October 25, St. Crispin's Day, marks the high and low in British martial history. I nominate as high the Battle of Agincourt, recounted in Shakespeare's Henry V (did you watch The Hollow Crown?).
As Shakespeare wrote the story, Henry imploring his men to battle, before outlandish odds, is perhaps the most inspirational speech ever given. The English victory impressive, the gains short lived.
The British military does not have a monopoly on stupid, but bad things happen when leaders look upon their fighting men as DNOK, the other. On St. Crispin's Day, four hundred forty odd years after the Battle of Agincourt, the British army was back on the field, this time fighting Russians at Balaclava in the Crimea. Misunderstanding their muddled orders, a sabre armed light cavalry brigade was sent headlong into battle against entrenched Russian artillery. The results predictable.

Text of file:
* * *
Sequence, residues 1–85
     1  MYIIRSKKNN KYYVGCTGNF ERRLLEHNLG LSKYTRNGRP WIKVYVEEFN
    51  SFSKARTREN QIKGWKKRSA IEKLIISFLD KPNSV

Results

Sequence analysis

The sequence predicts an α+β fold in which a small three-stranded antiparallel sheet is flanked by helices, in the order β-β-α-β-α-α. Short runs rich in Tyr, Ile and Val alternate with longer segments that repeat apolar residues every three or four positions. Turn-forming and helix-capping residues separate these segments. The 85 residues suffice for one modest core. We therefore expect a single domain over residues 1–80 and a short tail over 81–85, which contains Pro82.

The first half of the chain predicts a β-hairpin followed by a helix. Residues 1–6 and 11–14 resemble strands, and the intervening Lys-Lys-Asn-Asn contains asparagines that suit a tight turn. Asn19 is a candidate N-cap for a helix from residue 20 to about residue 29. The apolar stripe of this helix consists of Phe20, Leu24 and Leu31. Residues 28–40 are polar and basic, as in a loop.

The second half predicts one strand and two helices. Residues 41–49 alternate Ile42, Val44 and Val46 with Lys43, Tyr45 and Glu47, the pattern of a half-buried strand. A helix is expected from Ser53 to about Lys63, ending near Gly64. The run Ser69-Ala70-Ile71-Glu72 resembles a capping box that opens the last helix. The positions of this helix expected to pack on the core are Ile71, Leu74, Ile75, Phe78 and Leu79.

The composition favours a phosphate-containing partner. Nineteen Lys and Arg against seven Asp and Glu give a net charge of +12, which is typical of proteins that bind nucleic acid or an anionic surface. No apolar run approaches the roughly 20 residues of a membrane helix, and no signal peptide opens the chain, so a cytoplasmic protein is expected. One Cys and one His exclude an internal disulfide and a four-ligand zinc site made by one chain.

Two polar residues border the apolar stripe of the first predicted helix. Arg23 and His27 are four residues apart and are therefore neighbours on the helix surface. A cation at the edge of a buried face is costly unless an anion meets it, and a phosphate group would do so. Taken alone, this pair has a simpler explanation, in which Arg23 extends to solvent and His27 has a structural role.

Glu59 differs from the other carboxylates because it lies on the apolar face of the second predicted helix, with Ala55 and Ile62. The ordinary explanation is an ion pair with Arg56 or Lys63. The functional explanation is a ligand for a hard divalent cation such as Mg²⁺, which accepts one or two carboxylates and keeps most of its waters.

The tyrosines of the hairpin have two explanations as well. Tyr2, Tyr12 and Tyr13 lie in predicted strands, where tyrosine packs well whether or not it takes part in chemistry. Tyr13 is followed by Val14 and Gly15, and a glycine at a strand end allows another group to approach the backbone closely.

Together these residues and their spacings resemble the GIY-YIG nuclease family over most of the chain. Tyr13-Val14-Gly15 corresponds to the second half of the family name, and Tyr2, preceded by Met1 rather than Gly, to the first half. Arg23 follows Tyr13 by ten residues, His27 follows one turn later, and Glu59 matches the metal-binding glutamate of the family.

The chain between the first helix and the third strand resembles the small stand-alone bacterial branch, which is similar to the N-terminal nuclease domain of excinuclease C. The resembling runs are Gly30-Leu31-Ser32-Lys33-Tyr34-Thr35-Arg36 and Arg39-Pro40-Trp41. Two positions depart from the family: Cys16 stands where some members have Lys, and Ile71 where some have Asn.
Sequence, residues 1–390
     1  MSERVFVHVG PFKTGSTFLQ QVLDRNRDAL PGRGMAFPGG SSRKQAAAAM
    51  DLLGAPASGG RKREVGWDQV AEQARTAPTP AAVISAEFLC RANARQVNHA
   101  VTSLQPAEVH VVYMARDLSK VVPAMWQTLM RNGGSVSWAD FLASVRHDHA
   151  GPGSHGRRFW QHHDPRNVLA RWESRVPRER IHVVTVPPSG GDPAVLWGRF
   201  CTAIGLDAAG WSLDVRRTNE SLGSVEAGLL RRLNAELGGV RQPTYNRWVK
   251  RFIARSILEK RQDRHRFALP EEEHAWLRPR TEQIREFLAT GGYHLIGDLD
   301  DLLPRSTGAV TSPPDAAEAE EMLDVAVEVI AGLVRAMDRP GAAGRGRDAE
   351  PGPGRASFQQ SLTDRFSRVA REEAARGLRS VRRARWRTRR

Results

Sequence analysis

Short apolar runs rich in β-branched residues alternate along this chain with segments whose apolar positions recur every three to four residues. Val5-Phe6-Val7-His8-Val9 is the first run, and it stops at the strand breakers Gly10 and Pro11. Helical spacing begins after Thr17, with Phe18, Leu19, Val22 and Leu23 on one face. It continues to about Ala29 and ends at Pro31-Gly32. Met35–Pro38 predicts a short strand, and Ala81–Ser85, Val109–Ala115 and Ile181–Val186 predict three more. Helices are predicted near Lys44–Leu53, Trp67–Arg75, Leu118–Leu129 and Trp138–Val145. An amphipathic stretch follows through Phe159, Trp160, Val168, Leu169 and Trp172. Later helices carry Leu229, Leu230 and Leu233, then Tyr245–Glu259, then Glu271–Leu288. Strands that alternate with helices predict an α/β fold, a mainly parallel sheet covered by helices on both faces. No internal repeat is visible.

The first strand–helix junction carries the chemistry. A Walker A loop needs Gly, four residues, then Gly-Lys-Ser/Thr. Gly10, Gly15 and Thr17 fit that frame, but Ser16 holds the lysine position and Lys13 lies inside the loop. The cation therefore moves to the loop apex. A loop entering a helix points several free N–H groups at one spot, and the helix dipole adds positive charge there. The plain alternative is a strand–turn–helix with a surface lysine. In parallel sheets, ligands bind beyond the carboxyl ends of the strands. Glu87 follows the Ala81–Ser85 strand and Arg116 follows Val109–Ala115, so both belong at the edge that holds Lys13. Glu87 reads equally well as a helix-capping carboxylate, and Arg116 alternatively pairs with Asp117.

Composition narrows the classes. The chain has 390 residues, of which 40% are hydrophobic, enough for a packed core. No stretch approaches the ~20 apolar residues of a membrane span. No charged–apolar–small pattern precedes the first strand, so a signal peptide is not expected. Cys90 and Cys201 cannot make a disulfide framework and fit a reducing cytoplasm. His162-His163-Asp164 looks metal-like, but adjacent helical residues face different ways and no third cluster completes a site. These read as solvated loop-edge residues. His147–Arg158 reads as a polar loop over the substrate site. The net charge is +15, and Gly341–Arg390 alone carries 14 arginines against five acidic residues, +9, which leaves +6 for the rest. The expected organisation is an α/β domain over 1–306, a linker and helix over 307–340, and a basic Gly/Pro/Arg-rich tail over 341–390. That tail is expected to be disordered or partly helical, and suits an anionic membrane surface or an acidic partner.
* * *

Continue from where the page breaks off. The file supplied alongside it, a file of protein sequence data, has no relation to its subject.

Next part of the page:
The BBC tells the story surprisingly well in this video.
Alfred, Lord Tennyson, wrote the best known chronicle of the battle
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